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A to Z of MS Fingolimod (Gilenya)

Fingolimod is a disease modifying drug for relapsing remitting MS.

Fingolimod has been approved for use on the NHS since 2012. Across the UK, fingolimod can be prescribed for people with highly active relapsing remitting MS, that is those people who continue to have relapses despite treatment with one of the beta interferon drugs for at least one year.

In England and Scotland, fingolimod approval has been extended to include additional groups.

In England, fingolimod can also be prescribed for people with high disease activity despite treatment with glatiramer acetate and for people taking natalizumab who are at high risk of developing PML.

In Scotland, fingolimod can also be prescribed for people with rapidly evolving severe relapsing remitting MS (two or more disabling relapses in one year and MRI evidence of new areas of MS activity).

Studies have shown that fingolimod reduces the number of relapses by around one half and slows down progression.

Product name

Gilenya, FTY720

How is fingolimod taken?

Fingolimod is taken as a capsule, once daily. The first dose is taken under medical supervision to monitor heart rate and blood pressure (see Side effects).

Side effects and contraindications

Fingolimod causes a temporary bradycardia (decrease in the heart rate) and may be associated with atrioventricular block (a type of heart rhythm disorder). Following a formal safety review by the European Medicines Agency (EMA), guidelines are in place that mean people should take their first dose of fingolimod under medical supervision and have their heart rate and blood pressure monitored for at least six hours.

Other common side effects include increased risk of infections, headache, liver enzyme increases, influenza, diahorrea, back pain, and cough. Fingolimod may also cause macular oedema (a swelling in the eye affecting vision).

How fingolimod works

Fingolimod works by binding to the surface of white blood cells (lymphocytes) in the immune system. This causes a large proportion of the lymphocytes to be retained in the lymph nodes, reducing the number that can reach the central nervous system and attack nerve cells in the brain and spinal cord.

Fingolimod research

Relapsing remitting MS
Two main studies have provided the evidence to support licensing of fingolimod for relapsing remitting MS:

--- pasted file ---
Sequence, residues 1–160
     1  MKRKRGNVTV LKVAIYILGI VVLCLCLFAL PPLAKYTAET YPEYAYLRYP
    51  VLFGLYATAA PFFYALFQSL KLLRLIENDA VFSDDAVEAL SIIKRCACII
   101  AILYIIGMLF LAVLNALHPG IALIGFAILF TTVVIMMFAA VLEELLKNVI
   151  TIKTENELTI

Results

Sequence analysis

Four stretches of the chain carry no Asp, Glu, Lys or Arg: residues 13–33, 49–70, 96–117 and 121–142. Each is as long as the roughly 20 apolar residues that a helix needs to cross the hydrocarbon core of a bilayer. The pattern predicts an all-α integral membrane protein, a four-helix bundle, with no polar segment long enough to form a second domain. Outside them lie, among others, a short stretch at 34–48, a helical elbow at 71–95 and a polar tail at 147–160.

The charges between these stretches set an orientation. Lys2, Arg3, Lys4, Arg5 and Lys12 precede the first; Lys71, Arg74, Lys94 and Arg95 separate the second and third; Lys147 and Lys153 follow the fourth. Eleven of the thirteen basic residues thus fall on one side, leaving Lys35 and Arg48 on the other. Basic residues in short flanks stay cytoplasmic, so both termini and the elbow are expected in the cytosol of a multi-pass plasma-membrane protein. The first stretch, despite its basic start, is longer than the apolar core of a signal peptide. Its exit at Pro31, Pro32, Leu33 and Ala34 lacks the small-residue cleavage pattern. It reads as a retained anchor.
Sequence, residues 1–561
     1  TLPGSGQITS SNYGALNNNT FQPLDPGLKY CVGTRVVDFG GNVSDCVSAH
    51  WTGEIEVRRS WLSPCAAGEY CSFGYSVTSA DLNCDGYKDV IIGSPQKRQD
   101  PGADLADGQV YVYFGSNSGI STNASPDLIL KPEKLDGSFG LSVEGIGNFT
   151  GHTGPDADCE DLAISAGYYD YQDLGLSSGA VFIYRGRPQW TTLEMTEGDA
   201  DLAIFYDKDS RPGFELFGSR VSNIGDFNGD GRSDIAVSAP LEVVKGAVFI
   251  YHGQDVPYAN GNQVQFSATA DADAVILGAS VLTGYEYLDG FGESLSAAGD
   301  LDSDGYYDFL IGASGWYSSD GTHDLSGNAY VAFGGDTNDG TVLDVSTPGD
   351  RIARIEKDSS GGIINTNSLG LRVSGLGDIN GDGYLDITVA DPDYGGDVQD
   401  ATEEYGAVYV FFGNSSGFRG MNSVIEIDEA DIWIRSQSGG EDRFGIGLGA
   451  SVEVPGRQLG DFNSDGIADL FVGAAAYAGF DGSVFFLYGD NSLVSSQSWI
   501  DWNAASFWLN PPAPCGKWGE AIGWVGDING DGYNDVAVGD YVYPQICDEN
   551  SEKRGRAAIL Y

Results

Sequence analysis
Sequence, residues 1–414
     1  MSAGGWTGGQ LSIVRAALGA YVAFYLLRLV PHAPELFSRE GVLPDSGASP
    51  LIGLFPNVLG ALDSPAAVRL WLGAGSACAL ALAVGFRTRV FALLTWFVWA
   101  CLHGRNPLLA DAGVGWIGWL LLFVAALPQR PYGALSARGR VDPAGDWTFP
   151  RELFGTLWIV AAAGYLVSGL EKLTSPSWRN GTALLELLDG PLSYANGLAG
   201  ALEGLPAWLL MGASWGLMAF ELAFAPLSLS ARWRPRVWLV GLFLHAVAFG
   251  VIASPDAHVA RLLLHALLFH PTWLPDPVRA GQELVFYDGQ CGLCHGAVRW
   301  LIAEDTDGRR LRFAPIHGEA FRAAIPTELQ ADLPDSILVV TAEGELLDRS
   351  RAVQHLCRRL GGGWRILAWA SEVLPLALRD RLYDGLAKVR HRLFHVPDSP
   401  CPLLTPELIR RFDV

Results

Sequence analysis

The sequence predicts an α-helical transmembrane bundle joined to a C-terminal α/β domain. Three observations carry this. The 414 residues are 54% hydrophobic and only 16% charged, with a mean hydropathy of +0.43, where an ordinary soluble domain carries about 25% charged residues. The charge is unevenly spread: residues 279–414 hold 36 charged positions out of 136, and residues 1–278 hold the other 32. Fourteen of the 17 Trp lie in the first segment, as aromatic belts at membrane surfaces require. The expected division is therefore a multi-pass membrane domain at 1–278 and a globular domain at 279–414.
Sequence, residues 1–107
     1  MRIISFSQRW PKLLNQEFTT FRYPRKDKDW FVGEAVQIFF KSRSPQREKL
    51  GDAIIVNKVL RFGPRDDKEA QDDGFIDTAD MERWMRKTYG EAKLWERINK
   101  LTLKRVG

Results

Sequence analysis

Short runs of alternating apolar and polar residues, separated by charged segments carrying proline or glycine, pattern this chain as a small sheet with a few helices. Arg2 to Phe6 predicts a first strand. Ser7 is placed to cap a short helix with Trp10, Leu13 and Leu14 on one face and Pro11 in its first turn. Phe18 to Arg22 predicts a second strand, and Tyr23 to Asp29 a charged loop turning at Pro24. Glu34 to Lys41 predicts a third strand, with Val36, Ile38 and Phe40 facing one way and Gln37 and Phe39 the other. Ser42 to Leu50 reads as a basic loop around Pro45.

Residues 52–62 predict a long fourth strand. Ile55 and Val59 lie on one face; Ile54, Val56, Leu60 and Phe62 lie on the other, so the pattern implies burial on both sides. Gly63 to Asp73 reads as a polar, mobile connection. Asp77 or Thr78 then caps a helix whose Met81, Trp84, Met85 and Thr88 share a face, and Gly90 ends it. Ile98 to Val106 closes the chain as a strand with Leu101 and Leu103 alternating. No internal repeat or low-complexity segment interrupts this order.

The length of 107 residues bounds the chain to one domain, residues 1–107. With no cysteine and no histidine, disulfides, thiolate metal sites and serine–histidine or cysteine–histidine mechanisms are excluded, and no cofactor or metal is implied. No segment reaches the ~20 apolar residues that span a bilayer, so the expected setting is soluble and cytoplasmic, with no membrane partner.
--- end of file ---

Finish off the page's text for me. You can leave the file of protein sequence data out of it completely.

• FREEDOMS was a double-blind, placebo-controlled study involving 1,272 people with relapsing remitting MS in 22 countries. Participants received one of two doses of fingolimod or placebo over two years. The relapse rate for people in the placebo group was 0.40, compared to 0.18 for a 0.5mg fingolimod dose (a reduction of 54%) and 0.16 with a 1.25 mg dose (a reduction of 60%). The reduction of progression of disability was 30% and 32% respectively compared to placebo.
  • TRANSFORMS was a one year phase III study. It compared two doses of fingolimod (0.5mg and 1.25mg) against interferon beta-1a (Avonex) in 1,292 people with relapsing remitting MS. Relapse rates at one year were 0.33 for interferon beta-1a, 0.16 on the lower dose of fingolimod (a reduction of 52% compared to interferon beta-1a) and 0.2 on the higher dose (a 38% reduction). 80-83% of the fingolimod groups remained relapse-free over the year compared with 69% of those on interferon beta-1a.

Primary progressive MS
Laboratory investigations provided evidence that, in addition to its effect on the immune system, fingolimod may have neuroprotective and remyelinating properties in the brain and spinal cord.

  • INFORMS was a phase III double blind study testing whether fingolimod (0.5mg taken daily for three years) was effective in delaying disability progression compared to placebo in 951 people with primary progressive MS. The initial results, announced in December 2014, showed that fingolimod was no more effective than placebo.


National Institute for Health and Clinical Excellence (NICE).
Fingolimod for the treatment of highly active relapsing-remitting multiple sclerosis.
NICE technology appraisal guidance 254.
Available from NICE website

NHS England.
Clinical Commissioning policy for MS disease modifying therapies - May 2014.
Available from NHS England website

Scottish Medicines Consortium (SMC).
Advice: fingolimod (Gilenya) - September 2012.
Available from SMC website
Advice: fingolimod (Gilenya) - October 2014.
Available from SMC website

Kappos L, et al.
Placebo-controlled study of oral fingolimod in relapsing multiple sclerosis.
New England Journal of Medicine 2010;362(5):387-401.
Read online

Cohen J, et al.
Oral fingolimod or intramuscular interferon for relapsing multiple sclerosis.
New England Journal of Medicine 2010;362:402-415.
Read online

Kappos L, et al.
Long-term effects of fingolimod in multiple sclerosis: The randomized FREEDOMS extension trial.
Neurology 2015 Mar 20. pii: 10.1212/WNL.0000000000001462. [Epub ahead of print].
Read online

Brinkmann V, et al.
FTY720: sphingosine 1-phosphate receptor-1 in the control of lymphocyte egress and endothelial barrier function.
American Journal of Transplantation 2004;4:1019-1025.

Miron VE, et al.
Fingolimod (FTY720) enhances remyelination following demyelination of organotypic cerebellar slices.
American Journal Pathology 2010;176:2682-2694.
Read online

Available from website

Novartis INFORMS press release - December 2014
Available from Novartis website

Patient Information Leaflet

Gilenya (EMC website)

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